I recently did something I've never done before... helped to crowdfund a book.
The publisher was Little Toller, the book Orison for a Curlew by Horatio Clare and it was simple... buy a copy ahead of printing and make the book happen. I suspect Little Toller may have been taken by surprise when the target was reached and exceeded within days, but hopefully it all became a way for them to know how much they and their books are loved and wanted.
And then I forgot all about it until the book arrived last week....and I quickly had to look up 'orison' because, to my shame, I didn't know what it meant.
Prayer, that's what it means.
The Slender-billed curlew, Numenius tenuirostris, the slim beak of the new moon, is one of the world's rarest birds. It once bred in Siberia and wintered in the Mediterranean basin via Italy, Greece, the Balkans and Central Asia, and then slowly it didn't, now only existing 'as a rumour'.
With the human factor to contend with...pollution, presence, pesticides, water, cultivation, drainage and noise...mostly in the wrong place at the wrong time it is little wonder that the bird has all but disappeared. When you take into account its flights of passage across some of the world's most troubled lands it would be a miracle if it was ever seen again.
There is another very sobering revelation given that the habitat of the nesting birds may have been in close proximity to the testing grounds for the former USSR..
'There exists a possibility beyond irony that Homo sapiens wiped out Numenius tenuirostis with a nuclear weapon.'
'It is like a friend is dying and I cannot do anything,' says Petar, helplessly.
And the dedication of the conservationists like him reads as a lament.
It was this bigger picture that Horatio Clare's hunt for the bird really emphasised for me as I read Orison for a Curlew. That sense of the bird's eye view of the the land beneath as it wings its way from breeding grounds to winter habitat, and I thought of our swallows, and the lands and the conflicts they might have passed over on their way to and from us here.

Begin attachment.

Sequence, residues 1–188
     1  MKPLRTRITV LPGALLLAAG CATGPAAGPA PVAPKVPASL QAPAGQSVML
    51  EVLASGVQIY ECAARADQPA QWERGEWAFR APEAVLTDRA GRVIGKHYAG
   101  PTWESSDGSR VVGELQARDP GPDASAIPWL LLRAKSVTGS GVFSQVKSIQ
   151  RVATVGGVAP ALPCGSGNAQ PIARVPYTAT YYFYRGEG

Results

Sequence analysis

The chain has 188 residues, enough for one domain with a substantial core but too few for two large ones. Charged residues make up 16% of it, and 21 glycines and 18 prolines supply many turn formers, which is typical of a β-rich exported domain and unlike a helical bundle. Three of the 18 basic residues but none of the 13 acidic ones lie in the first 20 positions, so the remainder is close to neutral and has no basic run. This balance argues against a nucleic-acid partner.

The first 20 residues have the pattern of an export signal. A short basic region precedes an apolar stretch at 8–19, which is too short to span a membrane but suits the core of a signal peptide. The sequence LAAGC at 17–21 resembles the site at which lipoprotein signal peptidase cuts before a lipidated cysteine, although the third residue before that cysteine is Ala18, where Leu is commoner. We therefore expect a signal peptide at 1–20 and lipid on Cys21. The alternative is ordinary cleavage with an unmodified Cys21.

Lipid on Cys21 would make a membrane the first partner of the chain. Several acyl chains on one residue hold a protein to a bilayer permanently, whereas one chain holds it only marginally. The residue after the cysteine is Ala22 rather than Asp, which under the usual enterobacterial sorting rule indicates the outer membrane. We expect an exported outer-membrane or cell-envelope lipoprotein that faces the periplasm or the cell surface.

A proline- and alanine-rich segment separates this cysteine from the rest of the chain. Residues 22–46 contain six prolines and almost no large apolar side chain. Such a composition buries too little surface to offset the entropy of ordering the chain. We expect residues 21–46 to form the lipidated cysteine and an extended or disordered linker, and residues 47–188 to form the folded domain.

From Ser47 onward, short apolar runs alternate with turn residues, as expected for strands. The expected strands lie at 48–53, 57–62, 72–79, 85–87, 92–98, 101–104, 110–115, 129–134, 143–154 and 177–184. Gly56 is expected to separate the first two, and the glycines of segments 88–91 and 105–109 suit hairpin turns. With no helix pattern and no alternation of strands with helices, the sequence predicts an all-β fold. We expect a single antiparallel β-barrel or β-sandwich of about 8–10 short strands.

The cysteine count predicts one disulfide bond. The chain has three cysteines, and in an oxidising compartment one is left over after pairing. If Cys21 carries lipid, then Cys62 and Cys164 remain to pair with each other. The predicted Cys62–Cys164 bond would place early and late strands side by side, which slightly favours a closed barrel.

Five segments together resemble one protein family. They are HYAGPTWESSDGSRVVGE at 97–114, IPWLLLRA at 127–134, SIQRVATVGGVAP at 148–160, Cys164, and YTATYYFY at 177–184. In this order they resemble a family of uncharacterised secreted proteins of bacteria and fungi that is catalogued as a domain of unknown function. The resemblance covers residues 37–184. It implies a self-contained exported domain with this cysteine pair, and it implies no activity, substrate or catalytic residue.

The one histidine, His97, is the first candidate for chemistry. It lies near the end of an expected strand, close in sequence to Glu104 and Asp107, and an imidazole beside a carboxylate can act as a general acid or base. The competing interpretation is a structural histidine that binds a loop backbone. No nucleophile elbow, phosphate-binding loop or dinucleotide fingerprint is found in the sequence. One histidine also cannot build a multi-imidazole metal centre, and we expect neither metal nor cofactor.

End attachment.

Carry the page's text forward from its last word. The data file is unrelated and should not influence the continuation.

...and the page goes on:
Criss -crossing his way across the outer reaches of the countries of the European Union, Horatia Clare finds himself in Bulgaria, apparently the EU's most corrupt member state. The night train from Bucharest to Sofia sounds awfully romantic on paper. I was thinking of Olivia Manning's Balkan Trilogy which I am revving up to read when I have the inclination and find a nice edition.
In reality the night trains are packed because they are cheaper by about 3 or 4 lev, the equivalent of £1, and they are cooler in the absence of air-conditioning...
'The Sofia train is sprawled with legs, arms and unconscious faces, as if it brings casualties from the front. There is a powerful, warm smell of bodies, tired, creaturely, smoky and perfumed.'
Now I know we all moan like crazy about the EU but in some ways it can be a force for the good, it has its advantages, not least the imposition of EU laws that compel a country to protect its nature reserves. In a country like Bulgaria, apparently still covertly backed by Russia and with ruling cliques descended from the Communist era, there are surprising glimmers of hope. 30 percent of the country now designated a Specially Protected Area, and only made possible because a few dedicated people had been collecting the data for years. Allocated funding cannot be diverted into greedy pockets either, it's all a win win for the birds...of 420 species only 23 can be hunted.
A bird that had to seek safe passage through regimes and oppression may have all but gone, but the indomitable human spirit to conserve in its wake has most definitely not. Along the way Horatio Clare meets a small band of warriors, passionate and devoted to the cause and actually making a difference to the planet and its inhabitants. There are heartwarming notes amongst the bleakness of the extinction of a species.
So on the surface, a book that ultimately presents sad news about the slim beak of the new moon, suggests all may not be lost. The search is ongoing. There may, just may be Slender-billed curlews to be found, no one is giving up on them just yet.
Orison for a Curlew a jewel of a book from Little Toller, one for the shelf, and if they crowdfund another I have no doubt that many of us will be ready and waiting.